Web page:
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##### General Discussion / Re: IC from PSAM

« Last post by**hjb2004**on

*June 05, 2019, 08:52:57 am*»

The most pedagogical and detailed explanation of the relationship between the various logo and matrix representations can be found in a review that we wrote in 2007 (Bussemaker et al., Annu Rev Biophys Biomol Struct. 2007;36:329-47; https://www.ncbi.nlm.nih.gov/pubmed/17311525). I recommend that you read this paper, and some of the other relevant papers that it refers to.

A brief summary:

1. The philosophy of MatrixREDUCE is fundamentally different from that of traditional weigh matrix discovery methods such as MEME. We use a matrix representation of DNA binding specificity called position-specific affinity matrix (PSAM). The entries in the PSAM quantity the relative affinity of sequences that differ from the optimal DNA sequence by a single point mutation. Therefore, the largest value in each columns equals one, and all other values are between zero and one. The entries in a PSAM do not have to add up to one at each position.

2. The negative of the natural logarithm of the entries in the PSAM correspond to delta-delta-G values in units of RT, which are commonly used in the biophysical literature. The energy logo that we introduced in Foat et al. 2006 (https://www.ncbi.nlm.nih.gov/pubmed/16873464) is a graphical representation in which the letter heights are directly related to these ddG/RT values. This is the logo representation that we recommend for visualizing MatrixREDUCE models.

3. It is not possible to construct a traditional information-content logo from a PSAM without making further ad hoc assumptions about the "background frequency" of each base, and therefore we do not recommend it. Traditional PWM's are statistical models of sets of aligned binding sites, in which at each position the frequency of each base is specified. These frequencies do add up to one by definition, unlike in a PSAM. While we do not recommend this, you could divide each column of the PSAM by its sum to convert the four relative affinities for each position to obtain a set of four base frequencies. You could then convert these "foreground frequencies" to relative entropies as is done to construct traditional sequence logos (for each base, divide foreground frequency by background frequency, take the logarithm base two of this ratio, then multiply this logarithm by the foreground frequency for each base, and finally sum over all four bases to get the relative entropy, which is also known as the information gain, measured in bits). The total height of the letter stack in the logo will correspond to this relative entropy, and the height of the individual letters will be proportional to the corresponding base frequency.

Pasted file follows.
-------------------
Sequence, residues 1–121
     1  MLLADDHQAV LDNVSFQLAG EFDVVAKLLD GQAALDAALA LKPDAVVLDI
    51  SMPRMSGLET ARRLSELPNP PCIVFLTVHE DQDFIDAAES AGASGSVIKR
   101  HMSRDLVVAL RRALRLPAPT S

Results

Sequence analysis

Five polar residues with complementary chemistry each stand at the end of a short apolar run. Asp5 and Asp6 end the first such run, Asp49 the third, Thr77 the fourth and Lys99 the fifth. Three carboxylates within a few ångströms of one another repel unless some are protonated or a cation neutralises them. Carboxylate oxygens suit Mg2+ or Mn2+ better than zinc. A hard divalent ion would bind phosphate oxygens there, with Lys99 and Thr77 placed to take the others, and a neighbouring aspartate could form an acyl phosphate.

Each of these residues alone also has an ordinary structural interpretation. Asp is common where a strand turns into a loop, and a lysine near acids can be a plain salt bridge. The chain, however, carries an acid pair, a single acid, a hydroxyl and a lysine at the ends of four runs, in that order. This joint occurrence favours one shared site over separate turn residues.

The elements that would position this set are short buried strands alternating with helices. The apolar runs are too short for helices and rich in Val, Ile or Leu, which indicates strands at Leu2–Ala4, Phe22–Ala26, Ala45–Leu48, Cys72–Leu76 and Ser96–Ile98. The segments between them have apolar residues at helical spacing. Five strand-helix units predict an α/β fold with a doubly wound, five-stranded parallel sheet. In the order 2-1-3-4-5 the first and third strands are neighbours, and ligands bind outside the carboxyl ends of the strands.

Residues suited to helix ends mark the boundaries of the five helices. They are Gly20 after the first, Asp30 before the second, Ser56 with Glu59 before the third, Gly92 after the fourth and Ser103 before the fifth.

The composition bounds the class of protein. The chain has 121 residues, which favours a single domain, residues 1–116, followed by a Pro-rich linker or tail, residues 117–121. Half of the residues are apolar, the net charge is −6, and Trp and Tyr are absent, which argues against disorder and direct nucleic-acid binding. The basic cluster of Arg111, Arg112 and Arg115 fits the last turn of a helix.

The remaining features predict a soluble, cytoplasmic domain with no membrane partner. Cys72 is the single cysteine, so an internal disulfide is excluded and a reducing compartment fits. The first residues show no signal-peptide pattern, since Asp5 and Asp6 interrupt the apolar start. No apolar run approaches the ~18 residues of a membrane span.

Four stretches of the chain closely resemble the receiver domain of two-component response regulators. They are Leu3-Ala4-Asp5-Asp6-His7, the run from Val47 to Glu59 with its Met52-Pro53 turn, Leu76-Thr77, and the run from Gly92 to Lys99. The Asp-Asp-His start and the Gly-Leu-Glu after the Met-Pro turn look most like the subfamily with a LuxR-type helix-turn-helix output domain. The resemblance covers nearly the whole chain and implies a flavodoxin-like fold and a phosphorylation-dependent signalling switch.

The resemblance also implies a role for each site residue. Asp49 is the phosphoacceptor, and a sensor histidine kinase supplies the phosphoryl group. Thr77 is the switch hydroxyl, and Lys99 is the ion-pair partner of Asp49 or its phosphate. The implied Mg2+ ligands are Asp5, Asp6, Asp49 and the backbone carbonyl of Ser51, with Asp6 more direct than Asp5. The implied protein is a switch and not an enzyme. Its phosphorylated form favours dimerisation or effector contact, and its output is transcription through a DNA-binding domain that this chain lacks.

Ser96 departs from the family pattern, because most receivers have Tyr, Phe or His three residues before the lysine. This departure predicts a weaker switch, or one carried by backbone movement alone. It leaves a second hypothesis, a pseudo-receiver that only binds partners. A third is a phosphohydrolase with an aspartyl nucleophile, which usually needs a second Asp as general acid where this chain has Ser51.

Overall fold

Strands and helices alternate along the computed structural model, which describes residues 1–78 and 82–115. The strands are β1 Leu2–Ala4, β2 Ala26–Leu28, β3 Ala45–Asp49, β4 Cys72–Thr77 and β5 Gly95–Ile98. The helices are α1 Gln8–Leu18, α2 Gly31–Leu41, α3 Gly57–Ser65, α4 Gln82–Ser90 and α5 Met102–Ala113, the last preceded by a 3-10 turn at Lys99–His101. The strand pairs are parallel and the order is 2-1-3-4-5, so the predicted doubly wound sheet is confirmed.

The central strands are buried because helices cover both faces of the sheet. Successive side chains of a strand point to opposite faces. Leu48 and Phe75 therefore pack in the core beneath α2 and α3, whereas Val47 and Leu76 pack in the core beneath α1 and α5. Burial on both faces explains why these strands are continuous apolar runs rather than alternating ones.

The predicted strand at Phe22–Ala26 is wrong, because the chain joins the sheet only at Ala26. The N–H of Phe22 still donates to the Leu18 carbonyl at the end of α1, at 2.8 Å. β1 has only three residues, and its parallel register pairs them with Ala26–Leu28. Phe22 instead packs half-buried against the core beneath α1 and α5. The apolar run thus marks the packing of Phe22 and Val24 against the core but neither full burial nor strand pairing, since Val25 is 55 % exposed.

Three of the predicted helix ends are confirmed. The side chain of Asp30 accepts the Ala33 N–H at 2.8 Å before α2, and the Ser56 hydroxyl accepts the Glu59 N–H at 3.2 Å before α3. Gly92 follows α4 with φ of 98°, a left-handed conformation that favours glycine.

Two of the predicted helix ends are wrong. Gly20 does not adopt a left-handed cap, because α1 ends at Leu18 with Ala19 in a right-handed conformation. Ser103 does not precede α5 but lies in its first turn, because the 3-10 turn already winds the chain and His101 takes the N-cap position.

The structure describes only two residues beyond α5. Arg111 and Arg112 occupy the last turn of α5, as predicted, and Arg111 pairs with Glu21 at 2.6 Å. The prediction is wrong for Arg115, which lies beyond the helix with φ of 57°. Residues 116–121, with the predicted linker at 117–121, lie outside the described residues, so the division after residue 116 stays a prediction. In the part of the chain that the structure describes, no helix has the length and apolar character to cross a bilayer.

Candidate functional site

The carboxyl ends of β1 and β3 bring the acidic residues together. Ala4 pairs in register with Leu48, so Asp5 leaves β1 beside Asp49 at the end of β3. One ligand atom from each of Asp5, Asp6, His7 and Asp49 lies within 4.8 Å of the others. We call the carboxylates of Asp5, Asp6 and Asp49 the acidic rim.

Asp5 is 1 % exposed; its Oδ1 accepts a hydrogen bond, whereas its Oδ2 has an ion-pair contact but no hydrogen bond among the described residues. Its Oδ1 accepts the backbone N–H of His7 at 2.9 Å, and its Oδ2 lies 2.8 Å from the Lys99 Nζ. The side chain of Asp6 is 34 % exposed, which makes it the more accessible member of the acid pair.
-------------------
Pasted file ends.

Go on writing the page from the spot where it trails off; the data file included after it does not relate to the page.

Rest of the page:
Finally, here is a numerical example for how a single position within the binding site could be represented:

Hope this helps!

A brief summary:

1. The philosophy of MatrixREDUCE is fundamentally different from that of traditional weigh matrix discovery methods such as MEME. We use a matrix representation of DNA binding specificity called position-specific affinity matrix (PSAM). The entries in the PSAM quantity the relative affinity of sequences that differ from the optimal DNA sequence by a single point mutation. Therefore, the largest value in each columns equals one, and all other values are between zero and one. The entries in a PSAM do not have to add up to one at each position.

2. The negative of the natural logarithm of the entries in the PSAM correspond to delta-delta-G values in units of RT, which are commonly used in the biophysical literature. The energy logo that we introduced in Foat et al. 2006 (https://www.ncbi.nlm.nih.gov/pubmed/16873464) is a graphical representation in which the letter heights are directly related to these ddG/RT values. This is the logo representation that we recommend for visualizing MatrixREDUCE models.

3. It is not possible to construct a traditional information-content logo from a PSAM without making further ad hoc assumptions about the "background frequency" of each base, and therefore we do not recommend it. Traditional PWM's are statistical models of sets of aligned binding sites, in which at each position the frequency of each base is specified. These frequencies do add up to one by definition, unlike in a PSAM. While we do not recommend this, you could divide each column of the PSAM by its sum to convert the four relative affinities for each position to obtain a set of four base frequencies. You could then convert these "foreground frequencies" to relative entropies as is done to construct traditional sequence logos (for each base, divide foreground frequency by background frequency, take the logarithm base two of this ratio, then multiply this logarithm by the foreground frequency for each base, and finally sum over all four bases to get the relative entropy, which is also known as the information gain, measured in bits). The total height of the letter stack in the logo will correspond to this relative entropy, and the height of the individual letters will be proportional to the corresponding base frequency.

Finally, here is a numerical example for how a single position within the binding site could be represented:

A | C | G | T | |

relative affinity | 1.0 | 0.5 | 0.1 | 0.9 |

ddG/RT | 0.00 | 0.69 | 2.30 | 0.11 |

base frequency (not recommended) | 0.40 | 0.20 | 0.04 | 0.36 |

Hope this helps!